Sunday, November 17, 2013
[Reposted from the Pre-Exposure Prophylaxis (PrEP) Blog]
After years of trying to create a market for pre-exposure prophylaxis (PrEP) pills, such as Truvada, Big Pharma has turned to their favorite mass marketing ploy: dumping their products in African countries that are starved of health funding. Of course, why wouldn't they dump them in Africa, won't they be paid for with donor funding?
An article in Kenya's The Star entitled "Kenya: 'Wonder Pill' for Risky Sex On the Way" takes the unusual step of raising some difficult questions about PrEP, rather than repeating the Big Pharma press release, despite a shaky introduction. The article continues "Kenyans involved in risky sex behaviours will soon get a 'wonder pill' that can prevent HIV infections. Experts say Truvada, which some call the 'new condom', can reduce chances of catching HIV but there are fears the drug may be misused by the youth".
What, exactly, would constitute misuse of the drug? If it can cut the risk of infection by "up to 75 per cent if one faithfully swallows it daily", what could go wrong? Well, as the article eventually reveals, most people don't swallow drugs daily and most people can not expect 'up to 75%' reduction in risk. That figure is not even from a randomized controlled trial, but from a 'sub-group' study, where the best results are used to exaggerate the level of protection people, in (comparatively) strict trial conditions, may expect. Outside of that sub-group, and outside of drug trial conditions, risk reduction is far lower.
It's odd that such reports talk about studies and proofs for something that they then refer to as a 'wonder pill', a 'new condom' and talk of 'up to 75% protection' (although that's a bit weak compared to the term 'invisible condom' used by those marketing mass male circumcision), and the like. These are PR buzzwords, not scientific findings.
It is said that PrEP programs intend identifying those most at risk of being infected, such as sex workers, intravenous drug users and men who have sex with men. This will be a departure from vilifying these already stigmatized and criminalized groups; it remains to be seen how much donor funding will actually be spent on these groups to provide them with PrEP, given that it has been so difficult in the past to provide them with condoms, injecting equipment and even basic sex and sexuality education.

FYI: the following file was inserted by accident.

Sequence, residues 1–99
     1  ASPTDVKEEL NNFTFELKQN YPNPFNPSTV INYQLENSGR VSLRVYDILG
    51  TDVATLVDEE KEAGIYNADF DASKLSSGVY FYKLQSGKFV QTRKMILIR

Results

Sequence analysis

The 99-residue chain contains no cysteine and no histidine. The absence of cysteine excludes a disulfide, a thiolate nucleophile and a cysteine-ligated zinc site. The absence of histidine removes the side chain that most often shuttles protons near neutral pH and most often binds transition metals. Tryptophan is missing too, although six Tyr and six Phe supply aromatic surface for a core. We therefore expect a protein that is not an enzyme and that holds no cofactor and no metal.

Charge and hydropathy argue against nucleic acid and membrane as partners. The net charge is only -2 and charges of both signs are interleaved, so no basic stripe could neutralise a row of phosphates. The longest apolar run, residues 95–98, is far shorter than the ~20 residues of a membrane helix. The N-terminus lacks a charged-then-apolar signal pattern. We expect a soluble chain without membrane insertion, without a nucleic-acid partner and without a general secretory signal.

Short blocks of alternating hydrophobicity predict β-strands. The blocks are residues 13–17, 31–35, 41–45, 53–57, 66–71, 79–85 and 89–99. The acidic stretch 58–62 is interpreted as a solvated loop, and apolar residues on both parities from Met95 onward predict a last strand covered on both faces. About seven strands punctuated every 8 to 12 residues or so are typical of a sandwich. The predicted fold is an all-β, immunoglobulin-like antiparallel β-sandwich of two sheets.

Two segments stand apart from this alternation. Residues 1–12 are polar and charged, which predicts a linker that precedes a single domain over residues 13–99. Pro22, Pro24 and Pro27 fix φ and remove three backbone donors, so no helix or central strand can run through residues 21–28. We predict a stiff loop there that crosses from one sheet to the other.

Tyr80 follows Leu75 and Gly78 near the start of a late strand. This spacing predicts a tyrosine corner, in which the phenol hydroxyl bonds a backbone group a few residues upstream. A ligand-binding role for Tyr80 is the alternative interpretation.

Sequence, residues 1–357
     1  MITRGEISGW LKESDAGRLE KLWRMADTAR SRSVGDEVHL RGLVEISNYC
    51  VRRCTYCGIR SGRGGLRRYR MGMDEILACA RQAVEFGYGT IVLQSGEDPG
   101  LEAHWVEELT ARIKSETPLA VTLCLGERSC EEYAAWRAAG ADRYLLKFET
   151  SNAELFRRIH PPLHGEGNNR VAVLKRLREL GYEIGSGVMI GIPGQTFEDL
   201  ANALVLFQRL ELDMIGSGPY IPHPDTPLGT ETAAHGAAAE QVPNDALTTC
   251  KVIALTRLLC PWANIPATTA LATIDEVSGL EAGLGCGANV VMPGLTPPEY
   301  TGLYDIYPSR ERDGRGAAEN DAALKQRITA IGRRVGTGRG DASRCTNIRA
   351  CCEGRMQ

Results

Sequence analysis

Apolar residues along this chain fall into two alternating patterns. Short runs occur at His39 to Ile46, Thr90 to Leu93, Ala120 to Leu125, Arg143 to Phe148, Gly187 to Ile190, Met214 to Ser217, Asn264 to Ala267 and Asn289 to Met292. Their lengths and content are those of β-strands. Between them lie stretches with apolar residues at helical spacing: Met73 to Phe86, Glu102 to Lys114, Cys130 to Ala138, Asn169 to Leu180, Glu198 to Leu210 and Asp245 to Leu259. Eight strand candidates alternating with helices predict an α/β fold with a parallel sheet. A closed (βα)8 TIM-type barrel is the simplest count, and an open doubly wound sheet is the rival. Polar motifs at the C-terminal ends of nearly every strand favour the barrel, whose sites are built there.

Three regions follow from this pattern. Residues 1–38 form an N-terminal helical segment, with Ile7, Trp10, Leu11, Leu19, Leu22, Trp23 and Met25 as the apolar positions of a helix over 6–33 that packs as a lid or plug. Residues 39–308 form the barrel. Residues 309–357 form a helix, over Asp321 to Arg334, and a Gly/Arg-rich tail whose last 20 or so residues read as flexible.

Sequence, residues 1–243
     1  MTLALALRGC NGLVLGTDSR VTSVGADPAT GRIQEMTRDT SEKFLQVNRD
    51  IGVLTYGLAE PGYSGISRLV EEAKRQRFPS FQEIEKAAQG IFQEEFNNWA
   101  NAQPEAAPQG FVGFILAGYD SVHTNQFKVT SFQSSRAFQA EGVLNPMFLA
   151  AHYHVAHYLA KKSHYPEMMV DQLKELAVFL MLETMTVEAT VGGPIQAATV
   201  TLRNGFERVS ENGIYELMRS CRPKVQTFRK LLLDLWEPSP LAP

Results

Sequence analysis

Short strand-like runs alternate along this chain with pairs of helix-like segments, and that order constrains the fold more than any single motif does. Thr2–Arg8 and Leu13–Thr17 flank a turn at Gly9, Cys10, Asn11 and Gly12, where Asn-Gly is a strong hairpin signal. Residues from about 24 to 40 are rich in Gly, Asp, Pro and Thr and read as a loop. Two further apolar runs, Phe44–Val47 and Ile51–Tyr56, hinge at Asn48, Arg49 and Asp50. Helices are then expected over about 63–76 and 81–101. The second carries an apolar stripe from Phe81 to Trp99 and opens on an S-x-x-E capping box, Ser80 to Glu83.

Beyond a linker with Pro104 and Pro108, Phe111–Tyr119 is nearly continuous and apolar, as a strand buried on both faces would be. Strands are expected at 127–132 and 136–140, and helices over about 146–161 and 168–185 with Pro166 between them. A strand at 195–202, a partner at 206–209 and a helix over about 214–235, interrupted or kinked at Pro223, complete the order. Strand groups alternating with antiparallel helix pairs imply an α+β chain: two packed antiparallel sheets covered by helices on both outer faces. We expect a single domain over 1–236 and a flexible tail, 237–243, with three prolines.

As the article says, Truvada is expensive, and it has made billions of dollars for Gilead. So it's worth their while pushing as much of the stuff as possible in countries with high HIV prevalence while the patent guarantees that their product will face little competition. By the time the patent expires the likes of Bills Clinton and Gates will surely have set up some program whereby the drugs can continue to be purchased at inflated prices.
The article makes the important point that nearly 1 million HIV positive Kenyans currently need antiroviral drugs just to keep them alive. So why would donors want to provide these same drugs to people who are not yet infected with HIV (aside from an obvious desire to enrich big pharma)?
Oddly enough, a cost effectiveness study makes its estimates using existing levels of male circumcision and antiretroviral therapy. This means that the three multi-billion dollar programs will be in direct competition with each other for funding, and each one will be trying to claim that any drop in HIV incidence is a result of their work. The study also seems to assume far higher levels of success than have been achieved so far. But that's big pharma for you.
While Gilead and other pharmaceuticals can gain a lot from any increase in antiretroviral therapy and PrEP programs, they may not stand to gain from mass male circumcision programs. Their assumption that their PrEP programs will be cost effective only in countries where circumcision levels are low suggests that by the time their product may be approved, the circumcision programs will already need to have failed, some time around 2015.
Worries that people may use PrEP as a kind of recreational drug, so they can dispense with the use of condoms when they are engaging in sex with people who may face a high risk of being HIV positive are not very convincingly addressed; nor are worries that overuse and misuse of antiretrovirals, either for HIV positive people or as PrEP, are brushed aside, with remarks about "government policy" and making the drug available "in form of a package that probably includes HIV testing and other prevention methods".
I seem to remember condoms, circumcision, ABC and various other programs being made available in the form of a package, without that leading to extraordinary results. But it will be interesting to see if PrEP will erode some of the funding currently being made available to, or earmarked for, mass male circumcision programs.
Circumcision programs stand to rake in billions for the big providers, but widespread use of PrEP would be worth far more. It's unlikely that a full scale version of both programs could co-exist; they are not mutually exclusive, but their cost effectiveness is predicated on their being the only or the main program in high HIV prevalence countries.
Whether one program displaces another, or whether they all get funded, the losers will be people in high HIV prevalence African countries, which will continue to suffer from under-funded health and education sectors. They will continue to be a mere 'territory' for sales reps, who will continue to carve things up in ways that should be very familiar to us by now.